by Noa Covo
She grows up in a house of abandoned arms and legs. She is taught to count on wax hands severed at the wrist, she caresses faces that end at the neck as her mother dusts. As she strokes detached heads, she wonders if they look like her father did, dead on the battlefield, she wishes she could have some part of him to keep, his open palms or his reassuring smile, milky with wax.
Womanhood, she discovers, is learning to create. She is taught to make molds, to give boiling wax a life of its own, she crafts great men from between her fingers, whole and still. Her mother dusts them one by one.
The letter arrives from the palace, demanding her hands at the service of a princess. Royalty, she discovers, are like wax sculptures, the women waiting to have their soft stomachs molded into heirs, the men with their feet planted in the ground, gathering filth. The princess, her pupil, is not interested in great men; she spends her time making wax children instead of the flesh ones she will never have.
The rebels outside the windows are all disjointed limbs, arms and legs flailing, they are not wax but fire, and they sweep up the palace. They take everything with them, the princess, the king, the queen, and her. She begs them to let her go, tries to prove to them that she is real, like them, not a figure on display. They let her live so long she documents those that didn’t. They throw the heads of lords and ladies in her lap, blood still blooming from the stems of their necks. She is not made of fire like those armed with the guillotines, at night, in her cell, when she hears her mother weeping, she begins to think she is made of stone.
When she leaves the prison, she sculpts two living sons, their round cheeks not wax, not fire, not stone, just skin. She takes them and her sculptures across the sea. Her heart is her mold for a chamber of horrors, she invites people to shriek at the ghosts of her pain. The finest of her exhibitions is one moonless night aboard a ship, when the crates split and her work is spilled into the water. She watches as her creations are devoured by the waves. She lets the sea mist wash over her stone face until she feels she is eroding.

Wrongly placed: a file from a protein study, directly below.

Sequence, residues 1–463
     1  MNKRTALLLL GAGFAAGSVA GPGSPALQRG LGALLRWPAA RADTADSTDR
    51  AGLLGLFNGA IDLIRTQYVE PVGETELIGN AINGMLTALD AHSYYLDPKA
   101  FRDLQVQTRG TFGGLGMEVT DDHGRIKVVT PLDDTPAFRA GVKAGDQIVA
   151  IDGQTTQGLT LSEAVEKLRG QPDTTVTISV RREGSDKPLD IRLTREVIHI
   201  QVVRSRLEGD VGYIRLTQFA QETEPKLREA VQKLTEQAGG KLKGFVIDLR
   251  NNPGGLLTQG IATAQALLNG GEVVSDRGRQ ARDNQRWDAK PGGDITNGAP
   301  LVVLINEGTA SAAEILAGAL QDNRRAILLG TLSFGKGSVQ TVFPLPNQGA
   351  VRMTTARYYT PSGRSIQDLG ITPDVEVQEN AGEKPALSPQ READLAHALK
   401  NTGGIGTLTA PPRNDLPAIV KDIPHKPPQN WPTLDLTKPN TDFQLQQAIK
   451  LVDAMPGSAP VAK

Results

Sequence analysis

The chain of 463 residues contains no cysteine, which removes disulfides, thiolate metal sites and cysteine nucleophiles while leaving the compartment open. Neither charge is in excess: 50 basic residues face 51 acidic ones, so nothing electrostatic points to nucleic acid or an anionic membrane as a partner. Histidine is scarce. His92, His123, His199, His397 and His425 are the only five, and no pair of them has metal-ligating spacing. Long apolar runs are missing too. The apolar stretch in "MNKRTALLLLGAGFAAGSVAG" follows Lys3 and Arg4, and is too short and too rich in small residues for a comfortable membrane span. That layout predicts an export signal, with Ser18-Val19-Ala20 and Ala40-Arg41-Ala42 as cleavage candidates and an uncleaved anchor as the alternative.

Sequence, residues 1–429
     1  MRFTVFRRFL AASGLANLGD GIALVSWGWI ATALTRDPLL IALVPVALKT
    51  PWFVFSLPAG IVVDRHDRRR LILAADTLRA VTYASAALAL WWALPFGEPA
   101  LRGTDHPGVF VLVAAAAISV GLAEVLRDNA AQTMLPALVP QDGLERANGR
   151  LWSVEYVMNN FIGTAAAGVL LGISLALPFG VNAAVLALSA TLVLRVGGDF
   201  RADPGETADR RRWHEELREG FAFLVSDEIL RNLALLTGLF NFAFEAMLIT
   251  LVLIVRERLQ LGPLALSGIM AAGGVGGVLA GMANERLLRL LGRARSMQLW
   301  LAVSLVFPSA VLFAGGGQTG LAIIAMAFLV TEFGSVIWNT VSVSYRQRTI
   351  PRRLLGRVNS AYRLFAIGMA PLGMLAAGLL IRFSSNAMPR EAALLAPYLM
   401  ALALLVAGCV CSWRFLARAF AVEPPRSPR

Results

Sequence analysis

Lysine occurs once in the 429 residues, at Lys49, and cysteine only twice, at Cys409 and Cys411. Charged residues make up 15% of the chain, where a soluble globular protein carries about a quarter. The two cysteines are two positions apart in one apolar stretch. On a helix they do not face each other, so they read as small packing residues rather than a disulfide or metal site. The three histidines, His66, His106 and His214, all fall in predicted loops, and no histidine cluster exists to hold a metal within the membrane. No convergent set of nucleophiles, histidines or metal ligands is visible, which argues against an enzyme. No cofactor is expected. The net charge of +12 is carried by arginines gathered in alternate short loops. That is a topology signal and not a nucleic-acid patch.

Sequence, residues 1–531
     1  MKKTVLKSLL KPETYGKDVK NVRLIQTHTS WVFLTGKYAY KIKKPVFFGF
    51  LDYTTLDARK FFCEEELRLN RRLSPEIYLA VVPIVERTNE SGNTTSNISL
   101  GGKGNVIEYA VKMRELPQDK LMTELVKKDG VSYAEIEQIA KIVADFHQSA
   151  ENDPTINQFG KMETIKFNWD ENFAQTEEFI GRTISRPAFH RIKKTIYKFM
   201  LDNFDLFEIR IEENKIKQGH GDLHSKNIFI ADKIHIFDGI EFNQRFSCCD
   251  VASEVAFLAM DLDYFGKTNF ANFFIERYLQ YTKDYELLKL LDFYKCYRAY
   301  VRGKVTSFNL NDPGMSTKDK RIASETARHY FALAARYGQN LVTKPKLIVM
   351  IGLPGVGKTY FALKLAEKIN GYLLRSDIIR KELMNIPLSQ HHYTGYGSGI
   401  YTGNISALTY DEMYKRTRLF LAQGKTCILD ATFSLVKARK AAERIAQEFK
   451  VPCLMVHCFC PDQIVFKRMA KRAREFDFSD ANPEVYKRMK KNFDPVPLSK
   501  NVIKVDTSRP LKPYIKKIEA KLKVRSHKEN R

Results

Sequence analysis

She settles down with her sculptures in a brick house. At night she caresses their faces, and they whisper, begging her to join them. She learns to make herself for a second time so that she may stand with her memories, so that they may live together; heads with necks, limbs with torsos, fathers with daughters, whole.
Noa Covo is a teenage writer. Her work has appeared in or is forthcoming from Jellyfish Review, Waxwing, and X-R-A-Y. Her microchapbook, Bouquet of Fears, was published by Nightingale and Sparrow. She can be found on Twitter @covo_noa.
A Portrait Study by John T. Tussaud of Madame Tussaud at the age of 42, published in The Romance of Madame Tussaud’s (2nd edition), London: Odhams Press. p. 120, via Wikimedia Commons.